The Leeds United Supporters Trust have 'welcomed' reassurances from the club over supporter safety following the decision to carry out a "strange and controversial" post-season tour of Myanmar.
The Whites will embark on two post-season friendlies in south-east Asia, formerly known as Burma, and will play against the national side and a select XI from the country's main domestic competition, the Myanmar National League.
The Trust says fans have raised 'understandable concerns' over safety and political unrest since the tour was announced.
A statement issued by the Trust said: "The Trust recognises the discontent among Leeds fans following the club’s decision to play in Myanmar.
"In light of the current Foreign and Commonwealth Office guidance to avoid all but essential travel to certain areas, fans have raised understandable concerns regarding safety of those choosing to travel to support the team as well as ethical questions regarding a decision to visit a country with significant political unrest.
"We have asked the club regarding this and a club spokesperson has offered the following comment to our questions..."
The Trust then shared the statement sent to them by Leeds United, which read:
“The two venues that we are visiting are both considered ‘Safe’ to travel to and located in regions not affected by any political turmoil.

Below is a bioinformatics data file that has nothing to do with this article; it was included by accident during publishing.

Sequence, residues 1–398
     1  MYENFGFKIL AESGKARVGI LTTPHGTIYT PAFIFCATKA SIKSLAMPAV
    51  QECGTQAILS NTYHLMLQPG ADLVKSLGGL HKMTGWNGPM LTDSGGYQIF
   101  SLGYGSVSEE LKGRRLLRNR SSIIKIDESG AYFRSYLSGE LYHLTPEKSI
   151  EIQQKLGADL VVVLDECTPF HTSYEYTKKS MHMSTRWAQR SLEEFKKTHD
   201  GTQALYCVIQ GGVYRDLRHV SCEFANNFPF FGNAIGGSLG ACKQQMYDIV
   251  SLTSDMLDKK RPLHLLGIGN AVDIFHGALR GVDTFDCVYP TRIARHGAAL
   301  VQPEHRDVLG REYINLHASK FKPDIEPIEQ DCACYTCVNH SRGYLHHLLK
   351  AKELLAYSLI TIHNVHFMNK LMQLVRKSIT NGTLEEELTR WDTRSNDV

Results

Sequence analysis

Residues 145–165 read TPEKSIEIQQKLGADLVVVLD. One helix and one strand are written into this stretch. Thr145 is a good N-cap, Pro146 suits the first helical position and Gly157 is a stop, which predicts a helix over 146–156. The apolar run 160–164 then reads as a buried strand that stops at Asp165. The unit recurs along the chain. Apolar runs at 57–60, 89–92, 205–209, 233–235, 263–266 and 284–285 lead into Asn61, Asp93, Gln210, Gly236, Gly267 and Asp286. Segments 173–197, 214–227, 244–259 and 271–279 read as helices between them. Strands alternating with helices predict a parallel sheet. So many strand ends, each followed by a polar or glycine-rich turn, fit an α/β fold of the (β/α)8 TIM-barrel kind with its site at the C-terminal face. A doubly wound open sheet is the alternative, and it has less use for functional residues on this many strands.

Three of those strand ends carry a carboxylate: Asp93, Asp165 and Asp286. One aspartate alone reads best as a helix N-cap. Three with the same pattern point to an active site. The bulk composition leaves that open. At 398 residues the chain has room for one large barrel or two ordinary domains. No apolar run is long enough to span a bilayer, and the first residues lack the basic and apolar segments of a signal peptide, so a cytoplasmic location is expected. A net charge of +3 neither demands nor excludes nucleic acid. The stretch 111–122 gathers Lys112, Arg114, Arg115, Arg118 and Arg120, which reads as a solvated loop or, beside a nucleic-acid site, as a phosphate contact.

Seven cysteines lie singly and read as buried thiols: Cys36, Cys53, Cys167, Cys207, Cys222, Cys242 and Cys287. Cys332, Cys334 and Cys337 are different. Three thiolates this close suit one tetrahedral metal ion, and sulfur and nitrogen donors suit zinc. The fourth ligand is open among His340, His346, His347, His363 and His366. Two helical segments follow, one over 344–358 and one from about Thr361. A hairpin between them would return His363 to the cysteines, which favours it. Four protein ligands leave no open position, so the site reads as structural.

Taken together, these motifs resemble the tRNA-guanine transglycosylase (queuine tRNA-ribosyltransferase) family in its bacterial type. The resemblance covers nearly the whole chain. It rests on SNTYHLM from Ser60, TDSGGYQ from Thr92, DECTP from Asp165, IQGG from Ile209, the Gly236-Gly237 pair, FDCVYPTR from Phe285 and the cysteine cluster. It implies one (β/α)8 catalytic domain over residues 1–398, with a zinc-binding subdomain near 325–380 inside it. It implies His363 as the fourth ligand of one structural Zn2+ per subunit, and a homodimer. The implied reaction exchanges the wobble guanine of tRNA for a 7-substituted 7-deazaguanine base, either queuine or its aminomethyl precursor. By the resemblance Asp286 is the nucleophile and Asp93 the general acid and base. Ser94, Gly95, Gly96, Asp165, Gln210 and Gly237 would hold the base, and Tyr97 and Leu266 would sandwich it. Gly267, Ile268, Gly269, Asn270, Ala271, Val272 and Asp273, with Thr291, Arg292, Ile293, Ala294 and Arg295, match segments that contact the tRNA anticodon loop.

"These areas are described as ‘Westernised’ and located far from the Northern areas affected by the unrest reported widely in the global media.
"The stadiums meet approved FIFA standards including high specification medical facilities and the required transport to hospital for any injured player.
"In regards to the political viewpoint, Leeds United are not touring as guests of the government of Myanmar and this is not a political tour.
"The club and the teams we are playing against are partnered with a local bank and of course the local football authorities, which under FIFA regulations must operate independently from the government.
"We see this as an opportunity for Leeds United to be pioneers and break down barriers and build relationships with the people and business community within a country trying to emerge from a difficult past.
"We believe that this represents a chance for those travelling to experience a new country and engage with its people. The club believes there is minimal risk involved in making this journey”
A spokesman for The Trust added: "The Trust Welcomes the reassurances from the club on supporter safety and hopes that they will provide close support to all fans who choose to make the journey.
"The Trust however sees this tour as a strange and controversial choice, given the dangerous political climate Myanmar currently finds itself in."
In a statement sent to the Yorkshire Evening Post, a spokesman for Leeds United added: "Leeds United are not supporting any regime or government."
"We have worked with the Football League in Myanmar as well as the AYA Bank in making the arrangements for the games.
"We firmly believe that football brings people together and we aim to engage millions of young football supporters and thousands of players who share a love of the game."